Support my attention-whoring ways by following us on twitter!

Get the SKOdcast imported directly into your brain!

Thursday, August 22, 2013

Does Cutler Target Marshall Too Much?

It's a common refrain among Bears fans, media, and the usual Cutler critics that Jay targets Brandon Marshall too much. This seems a pretty fair assessment when you consider that Marshall represented over 40% of the Bears targets last year, and 46% of their total passing yardage last year. Add in the fact that Jay targeted Marshall on all 5 of his passes in the second preseason game last week, and the fear remains that Phil Emery's big offseason addition of Martellus Bennett, or the continued development of Alshon Jeffery, is all for naught: Jay will continue to look Brandon's way on every play.

Is this true? Well, the overall numbers from 2012 certainly support this hypothesis, as I said above. I think the truth, however, isn't quite as bad as many people think.

 For one, when Brandon Marshall and Jay Cutler were together in Denver from 2007-2008, Jay attempted over 1083 passes, and completed 681 of them. Unfortunately, targeting data is unavailable from those years, but we do know that Marshall came down with 206 of those passes. That means Marshall accounted for roughly 30% of Jay's completions, a fairly standard number for a number one receiver, and well below the 41% of Bears completions that Marshall accounted for last year.

I can feel Iggins! eyes rolling as I've brought up the 2007-2008 Broncos again, but they're not really the crux of my argument. That was merely to establish that 30% of targets or total completions for a #1 receiver is a fairly healthy #. Consider that Tom Brady's top target last year, Wes Welker, got 27.5% of Brady's targets and 29% of Brady's completions in a much-more diverse offense than whatever the hell it was Mike Tice thought he was doing last year.

There are two things to consider when arguing that Jay targeted Brandon too much last year: injuries and incompetence, the former in terms of Earl Bennet and Alshon Jeffery, and the latter notably in the form of two individuals named Kellen Davis and Devin Hester. In the first two games last year when Jay had his entire depth chart to throw to (Marshall, Jeffery, Bennett, Hester, Forte, and Davis), Marshall accounted for 32% of Jay's targets and 34% of his completions. Slightly higher than their old numbers in Denver, but still reasonable.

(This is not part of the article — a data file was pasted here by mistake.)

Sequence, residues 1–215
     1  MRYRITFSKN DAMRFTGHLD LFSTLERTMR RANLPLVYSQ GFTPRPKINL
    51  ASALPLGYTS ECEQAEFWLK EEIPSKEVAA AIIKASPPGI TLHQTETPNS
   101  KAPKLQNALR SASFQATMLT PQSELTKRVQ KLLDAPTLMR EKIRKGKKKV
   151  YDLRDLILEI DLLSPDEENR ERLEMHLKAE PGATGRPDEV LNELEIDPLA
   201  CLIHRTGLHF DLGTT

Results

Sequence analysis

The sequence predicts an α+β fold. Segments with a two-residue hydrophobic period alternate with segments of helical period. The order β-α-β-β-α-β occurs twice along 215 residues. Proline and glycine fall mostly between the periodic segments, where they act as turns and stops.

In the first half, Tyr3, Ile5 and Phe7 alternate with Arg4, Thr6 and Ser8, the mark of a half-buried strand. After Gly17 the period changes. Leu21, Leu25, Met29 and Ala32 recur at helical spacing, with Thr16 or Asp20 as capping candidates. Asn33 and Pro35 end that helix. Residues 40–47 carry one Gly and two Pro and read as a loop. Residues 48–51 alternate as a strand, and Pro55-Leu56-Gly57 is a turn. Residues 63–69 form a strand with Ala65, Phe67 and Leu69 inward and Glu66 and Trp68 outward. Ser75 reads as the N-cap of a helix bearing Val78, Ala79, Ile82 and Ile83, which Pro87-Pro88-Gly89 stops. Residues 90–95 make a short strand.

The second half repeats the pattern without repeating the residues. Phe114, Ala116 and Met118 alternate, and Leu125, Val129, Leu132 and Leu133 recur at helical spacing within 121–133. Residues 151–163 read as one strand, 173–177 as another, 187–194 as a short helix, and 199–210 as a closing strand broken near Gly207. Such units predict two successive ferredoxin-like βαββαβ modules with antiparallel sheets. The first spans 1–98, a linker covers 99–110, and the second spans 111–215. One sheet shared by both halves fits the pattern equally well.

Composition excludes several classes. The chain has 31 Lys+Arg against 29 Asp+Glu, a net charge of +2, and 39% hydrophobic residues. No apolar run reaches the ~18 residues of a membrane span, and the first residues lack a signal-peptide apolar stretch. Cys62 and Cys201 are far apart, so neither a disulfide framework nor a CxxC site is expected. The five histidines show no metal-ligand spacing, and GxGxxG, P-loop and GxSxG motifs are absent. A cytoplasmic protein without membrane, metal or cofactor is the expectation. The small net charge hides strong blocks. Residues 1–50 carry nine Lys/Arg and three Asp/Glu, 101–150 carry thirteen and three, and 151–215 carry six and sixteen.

In week three, Matt Forte was out with an injury, the first of the year for the offense, but Jay still distributed the ball fairly evenly, targeting Marshall on 11 of his 31 passes while targeting Jeffery on 7, Bennett, Hester, and Davis on 9 total, and Bush on 4.

Week four, however, is where the trouble started. Earl Bennett missed the game with an injury, and Jay targeted Hester and Davis with a combined eight passes, while targeting Marshall with eight as well. Marshall caught seven of his eight targets, while Hester and Davis caught 6/8. Balance was good, everyone was happy.

Over the next eight games, however, either Bennett or Jeffery (and sometimes both) were out of the lineup. In that time, with Hester and Davis now serving as two of Jay's top four targets, Marshall's target % shot all the way up 47.5%. The reason? Well my theory is that it had something to do with Davis catching a very mediocre 8 of 19 targets (42% catch rate, and I know you're thinking "holy shit, was it ever that high?") while Hester, who, to his credit, caught 13 of 20 balls, racked up just a mediocre 11 yards a catch in that span and had several absolutely brutal drops. Compared with the absolutely masterful performance of Marshall in that time period (he caught an absurd 63% of those targets while averaging 12.4 YPC, in case you needed me to remind you that Brandon Marshall is fucking awesome), it makes sense that Jay said "to hell with balance."  By the end of the season, the ineptitude of Hester and Davis led Jay to simply ignore them, as the two of them combined for just two targets in the last three games.

It's worth noting that Forte's % of Jay's targets remained pretty consistent throughout the season at about 12% (which is too damn low, but I think we all know Tice is to blame for that more than Jay), and that in the five games where Jay had all three of his top three wideouts, he targeted the Jeffery and Bennett duo (39%) just as often as he did Marshall (39%).

So does Jay target Marshall too much? It's hard to say that when it works so damn well. It's pretty clear that for the Bears to have a healthy passing game in 2013, however, he is going to have to spread the ball around. I don't think it's fundamentally against Jay's nature to do so. He did it quite well in Denver, and he was always pretty even-handed with all of his shitty receivers in the years before Marshall came to Chicago, so I think he's capable of it. I just think crucifying him based on last year seems a bit harsh, since he clearly started with good intentions and the stats show that he was more than willing to throw to people who weren't Kellen Davis and Devin Hester.

The key for balance in 2013, then, is not some fundamental change in Jay's approach, as some have suggested, so much as it is important that his other receivers stay healthy, his tight end maybe try catching more than one out of every three passes thrown his way, and Marc Trestman hopefully understanding that Matt Forte can do some beautiful things downfield if you let him try.